So, if the company repeated this for 10 years, what would be the impact on the financial statements over this time period? Each year would report $100 candle expense on the income statement and the balance sheet would report a decrease in cash of $100 along with a decrease in owners' equity of $100 to reflect the impact expenses have on owners' equity.
Hey, but what if on Jan 1, year 11, the company comes back from the candle store with a huge candle that will burn 10 years that cost $1000. What entry do you make then?
Ok, perfect. Now time goes by and its Dec 31? Does the company still have an asset (candle light for 10 years) that it had on Jan 1? No. A portion of the candle has been used up (expense) which obviously means the asset has decreased. What entry do we make? Doesn't it make sense that we would have to debit Candle Expense to recognize the candle used up and then credit Candle to show the decrease in the asset?
Now the question is "for what amount"? The company paid $1000 for a 10 year asset which 1 year (or 10%) has been used up. When faced with allocation problems in accounting, we usually take what's referred to as a "systematic and rational" approach which means we basically uses common sense unless some other factor enters in that requires us to be a little more creative. In this case, if they paid $1000 for a 10 year asset, that means essentially that ($1000/10) $100 worth of the asset is used up each year - so we adjust by that amount, $100. So, for years 11 - 20, what effect does this have on the financial statements? Same as before, the income statement each year will report $100 candle expense (whether you buy 1 year or 10 year candles). Doesn't this make sense - you are using up the same asset each year so you should have the same results. As far as the balance sheet goes, the purchase of the candle just exchanged one asset, cash, for another asset, candle - which has a net effect of zero. Then each year, the asset candle decreases by $100 and owners equity has a corresponding decrease ($100) to reflect the impact the expense has on owners equity.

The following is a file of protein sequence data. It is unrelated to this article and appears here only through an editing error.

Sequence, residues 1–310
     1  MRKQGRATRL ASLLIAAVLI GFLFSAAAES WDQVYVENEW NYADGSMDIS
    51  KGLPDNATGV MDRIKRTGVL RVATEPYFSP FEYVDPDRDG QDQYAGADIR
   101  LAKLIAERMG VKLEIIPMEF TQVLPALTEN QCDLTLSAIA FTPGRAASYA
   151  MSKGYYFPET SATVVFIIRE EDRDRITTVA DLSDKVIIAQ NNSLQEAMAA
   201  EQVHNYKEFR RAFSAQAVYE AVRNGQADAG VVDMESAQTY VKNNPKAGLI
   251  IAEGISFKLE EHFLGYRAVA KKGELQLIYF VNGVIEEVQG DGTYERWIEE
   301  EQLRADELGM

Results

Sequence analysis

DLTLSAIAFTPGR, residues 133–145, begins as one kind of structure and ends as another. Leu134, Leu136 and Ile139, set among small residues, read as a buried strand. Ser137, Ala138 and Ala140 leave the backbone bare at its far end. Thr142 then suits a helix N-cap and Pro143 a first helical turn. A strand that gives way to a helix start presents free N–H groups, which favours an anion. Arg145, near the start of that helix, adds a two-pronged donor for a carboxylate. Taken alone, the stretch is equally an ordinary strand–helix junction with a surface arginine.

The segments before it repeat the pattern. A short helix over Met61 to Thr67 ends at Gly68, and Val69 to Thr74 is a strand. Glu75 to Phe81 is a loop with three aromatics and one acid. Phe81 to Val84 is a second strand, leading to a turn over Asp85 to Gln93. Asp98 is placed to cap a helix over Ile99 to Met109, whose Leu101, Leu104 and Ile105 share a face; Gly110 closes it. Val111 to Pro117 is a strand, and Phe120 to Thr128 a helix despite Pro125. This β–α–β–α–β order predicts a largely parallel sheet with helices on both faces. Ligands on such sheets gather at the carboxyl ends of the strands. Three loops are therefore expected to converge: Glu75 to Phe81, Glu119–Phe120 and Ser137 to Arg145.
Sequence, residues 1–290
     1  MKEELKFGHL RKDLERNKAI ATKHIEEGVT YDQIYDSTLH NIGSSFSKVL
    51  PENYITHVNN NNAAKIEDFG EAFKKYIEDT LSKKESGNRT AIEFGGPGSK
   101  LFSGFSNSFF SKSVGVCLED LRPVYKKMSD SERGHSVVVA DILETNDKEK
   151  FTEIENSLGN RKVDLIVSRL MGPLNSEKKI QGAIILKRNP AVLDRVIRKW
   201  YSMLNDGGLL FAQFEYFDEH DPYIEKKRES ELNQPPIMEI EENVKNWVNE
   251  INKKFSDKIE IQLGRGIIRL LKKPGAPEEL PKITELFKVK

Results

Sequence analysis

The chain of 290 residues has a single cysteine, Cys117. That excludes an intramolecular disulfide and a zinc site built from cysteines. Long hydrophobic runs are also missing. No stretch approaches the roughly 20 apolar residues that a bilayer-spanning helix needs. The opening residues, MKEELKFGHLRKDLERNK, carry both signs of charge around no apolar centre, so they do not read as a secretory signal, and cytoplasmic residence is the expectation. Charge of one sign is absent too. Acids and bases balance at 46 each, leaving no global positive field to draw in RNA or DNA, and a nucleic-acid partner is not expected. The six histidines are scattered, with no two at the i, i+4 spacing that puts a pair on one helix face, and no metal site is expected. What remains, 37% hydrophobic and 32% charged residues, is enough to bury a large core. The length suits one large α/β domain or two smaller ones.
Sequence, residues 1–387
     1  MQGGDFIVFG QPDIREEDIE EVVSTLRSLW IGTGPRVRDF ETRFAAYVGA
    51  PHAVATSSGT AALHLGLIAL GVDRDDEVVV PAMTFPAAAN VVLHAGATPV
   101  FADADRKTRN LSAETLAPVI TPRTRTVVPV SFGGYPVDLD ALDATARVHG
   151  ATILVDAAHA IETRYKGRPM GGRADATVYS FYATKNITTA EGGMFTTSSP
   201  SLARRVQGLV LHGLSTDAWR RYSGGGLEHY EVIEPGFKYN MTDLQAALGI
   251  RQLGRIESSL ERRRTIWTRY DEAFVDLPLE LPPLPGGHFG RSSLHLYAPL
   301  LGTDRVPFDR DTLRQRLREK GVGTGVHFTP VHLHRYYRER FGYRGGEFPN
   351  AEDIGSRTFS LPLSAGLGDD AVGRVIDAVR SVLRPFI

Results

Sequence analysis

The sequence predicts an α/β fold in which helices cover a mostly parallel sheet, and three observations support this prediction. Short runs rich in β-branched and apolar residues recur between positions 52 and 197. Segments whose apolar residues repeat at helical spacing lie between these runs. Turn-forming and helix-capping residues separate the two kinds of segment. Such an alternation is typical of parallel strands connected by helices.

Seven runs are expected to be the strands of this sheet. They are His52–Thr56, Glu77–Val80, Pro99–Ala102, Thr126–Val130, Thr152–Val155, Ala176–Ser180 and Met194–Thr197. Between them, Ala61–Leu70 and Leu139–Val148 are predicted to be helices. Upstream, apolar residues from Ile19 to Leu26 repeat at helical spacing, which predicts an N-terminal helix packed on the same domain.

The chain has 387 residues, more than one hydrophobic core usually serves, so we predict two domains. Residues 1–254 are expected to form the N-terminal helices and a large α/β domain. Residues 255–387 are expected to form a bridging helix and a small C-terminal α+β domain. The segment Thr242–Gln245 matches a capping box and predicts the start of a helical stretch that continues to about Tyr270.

Ok, think about that stuff for awhile.
Now think about this, let's talk about a car instead of a candle. When I tell you that a company has $100 car expense on the income statement, what comes to your mind?
I'm thinking tune ups, gas, and some type of an expense I have associated with the car. And another thing, when I decrease the record (account) I have been keeping for the car, what comes to your mind? I'm thinking you got rid of a car.